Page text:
Transitions

What happens when you’re in a relationship, and you start changing?  How do you manage this? When I look at people who have been with the same person since their late teens, I wonder how they do it.  Surely they would have gone through significant changes in that time.  They would have gone through university, the first job, other jobs, getting new hobbies, learning new things, and going from what they were to what they became during that time.  How do you make it work? What is the secret recipe for this? Why can’t I seem to do it?

The entire nature of human beings is that we continue to change and adapt.  Obviously you can do it alone, but how do you do it with someone else? I got into a very serious relationship really early in life, 21.  I definitely didn’t know who I was then, but we ended up engaged.  Then I wanted to keep changing and growing, I wanted to move to another country, and as it had been hard for him even leaving the state he was born in, he wanted to just stay where he was.  That of course was followed by some unspeakable and unforgivable acts that I won’t get into, so I ended up jumping into a sling-shot, and hurtling myself into this massive process on my own, which included a very short lived rebound with someone four years younger than me.  He was nice enough, but in hindsight, he really was a rebound kind of guy at the time; a lot of fun, and completely unreliable and untrustworthy.

It took years for me to get into a relationship again.  When I did, it was with someone who I could really be with.  You know how in your early twenties it’s all about the romance and the big gestures.  In my late twenties, I found out it was all about the little things.  It wasn’t about constantly having something to talk about – it was more about being comfortable with just being together.  It had stopped being all about the consuming passion and become more about the underlying friendship.  Of course there was passion. There was crazy passion that could still make my stomach jump when I think about it now.  We were speaking about moving in together, and how I would continue being active with yoga through pregnancy.  We started putting together the building blocks of a future.

Then what happened? Honestly, I still don’t know.  I took a short yoga teaching course over a weekend to see if that’s where I wanted to head.  Although I like my job, I can’t think of being in the corporate world and raising a family at the same time.  It all went down-hill from there.  Suddenly he didn’t know me, we were not communicating, I was not attractive, and he didn’t see a future for us.  If I hugged him it was wrong, if I didn’t it was wrong.  If I made dinner it was wrong, if I was indifferent he’d get angry.  I just didn’t know what to do anymore, so I left him alone for a bit, and that was wrong too.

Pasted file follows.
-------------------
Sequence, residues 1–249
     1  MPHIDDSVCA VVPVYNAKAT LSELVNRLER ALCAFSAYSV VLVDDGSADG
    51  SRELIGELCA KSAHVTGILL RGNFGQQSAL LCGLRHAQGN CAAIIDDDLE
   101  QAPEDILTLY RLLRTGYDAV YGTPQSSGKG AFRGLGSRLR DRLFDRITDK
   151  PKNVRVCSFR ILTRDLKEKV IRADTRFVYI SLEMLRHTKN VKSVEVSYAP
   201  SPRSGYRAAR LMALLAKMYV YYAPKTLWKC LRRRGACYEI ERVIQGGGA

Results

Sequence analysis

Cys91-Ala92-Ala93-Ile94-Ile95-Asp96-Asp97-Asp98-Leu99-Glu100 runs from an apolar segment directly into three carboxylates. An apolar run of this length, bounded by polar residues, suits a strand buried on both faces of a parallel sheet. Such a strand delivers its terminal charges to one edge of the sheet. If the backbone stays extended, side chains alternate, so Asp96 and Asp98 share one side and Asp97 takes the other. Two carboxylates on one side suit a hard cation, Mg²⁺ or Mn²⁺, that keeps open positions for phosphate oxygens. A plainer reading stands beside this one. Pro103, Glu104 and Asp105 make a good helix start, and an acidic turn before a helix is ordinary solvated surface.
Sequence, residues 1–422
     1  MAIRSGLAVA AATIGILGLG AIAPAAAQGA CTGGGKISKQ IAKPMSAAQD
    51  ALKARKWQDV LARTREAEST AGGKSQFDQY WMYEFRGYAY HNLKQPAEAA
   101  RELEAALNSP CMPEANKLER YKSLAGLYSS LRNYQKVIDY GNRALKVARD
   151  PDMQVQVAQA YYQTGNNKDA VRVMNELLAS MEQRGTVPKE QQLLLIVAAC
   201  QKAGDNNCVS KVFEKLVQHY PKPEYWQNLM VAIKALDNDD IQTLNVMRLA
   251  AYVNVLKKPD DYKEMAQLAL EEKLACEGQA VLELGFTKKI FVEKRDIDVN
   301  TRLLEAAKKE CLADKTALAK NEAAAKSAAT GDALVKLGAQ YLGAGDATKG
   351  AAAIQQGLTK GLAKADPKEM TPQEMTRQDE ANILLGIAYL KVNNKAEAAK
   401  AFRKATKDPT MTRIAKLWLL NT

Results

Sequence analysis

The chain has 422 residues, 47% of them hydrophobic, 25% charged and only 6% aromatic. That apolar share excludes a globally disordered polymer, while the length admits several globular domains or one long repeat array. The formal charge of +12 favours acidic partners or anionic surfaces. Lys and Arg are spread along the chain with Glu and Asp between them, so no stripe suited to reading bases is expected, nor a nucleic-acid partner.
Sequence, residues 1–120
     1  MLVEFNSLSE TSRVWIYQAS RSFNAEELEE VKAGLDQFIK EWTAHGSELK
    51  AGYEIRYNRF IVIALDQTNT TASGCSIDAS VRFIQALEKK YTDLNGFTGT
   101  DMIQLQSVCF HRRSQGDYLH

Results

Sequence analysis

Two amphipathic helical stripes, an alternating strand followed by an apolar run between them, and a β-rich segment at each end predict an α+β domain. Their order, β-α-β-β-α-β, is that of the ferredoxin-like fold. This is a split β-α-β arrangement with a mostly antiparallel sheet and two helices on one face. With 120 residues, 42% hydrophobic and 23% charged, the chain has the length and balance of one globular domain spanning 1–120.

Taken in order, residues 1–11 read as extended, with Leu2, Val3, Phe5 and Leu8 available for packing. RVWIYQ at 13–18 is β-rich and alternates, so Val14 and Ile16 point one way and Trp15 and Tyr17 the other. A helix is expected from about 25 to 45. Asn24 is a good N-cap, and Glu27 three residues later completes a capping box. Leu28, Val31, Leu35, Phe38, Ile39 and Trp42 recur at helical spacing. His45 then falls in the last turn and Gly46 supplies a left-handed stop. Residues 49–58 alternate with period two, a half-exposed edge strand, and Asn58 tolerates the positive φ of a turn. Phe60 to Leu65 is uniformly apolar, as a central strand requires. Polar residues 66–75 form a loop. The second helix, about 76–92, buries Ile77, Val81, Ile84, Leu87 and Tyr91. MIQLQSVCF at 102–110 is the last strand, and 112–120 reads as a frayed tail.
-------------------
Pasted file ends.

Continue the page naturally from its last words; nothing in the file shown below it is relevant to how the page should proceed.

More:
I am well aware that every relationship goes through ups and downs, and everybody makes mistakes. How do you recover?  Yes, there is forgiveness, and I’ve generally found it easy to do so, but how do you get someone to forgive you?  Honestly, I am very old fashioned when it comes to relationships.  Somehow the modern mantra of relationships being disposable missed me.  Am I wrong to think this way?  Is there something wrong with me that I have faith when there it is almost impossible to do so? Should I take on the modern perspective that if something doesn’t work out you just move on to the next thing?

In this world where everything is short lived, where you leave a job if you don’t like it, where forks, spoons, cars and houses are disposable, where the world is constantly moving, does a forever relationship have no place?  And if it does, what is wrong with women like me?  Have I just become such a messed up hybrid of modern and traditional that I can’t be with a man who is either modern or traditional?  If a woman has been alone for a while, and is quite independent, does it make being with someone more difficult?  And I am wondering, had I become one of those women who just goes through the transition of being child, wife and mother, would things be different?

Between then and now...

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One thought on “Transitions

  1. Yes, it is a challenge combining the modern and traditional. But more so, I see relationships as mirrors of our growth. Some relationships are not meant to be “forever” and that’s ok. They may not be “forever” in a temporal sense, but the impact and lessons they leave for you are forever; this has been knit to your soul. Keep looking for a relationship that allows you the space to be modern and traditional, to change, to explore. This is the relationship people like you (and me) need. Really, it’s the relationship everyone needs, but to become cognizant of the vital need for growth/evolution is a step that is difficult to reach in and of itself! There is so much in our modern world that tells us it’s not about finding OUR truth, it’s about reaching certain milestones (family, children, buying a house, etc.). Follow YOUR milestones, not the ones set up by a society that doesn’t really reflect who you are. Be courageous! Everything will fall into place….

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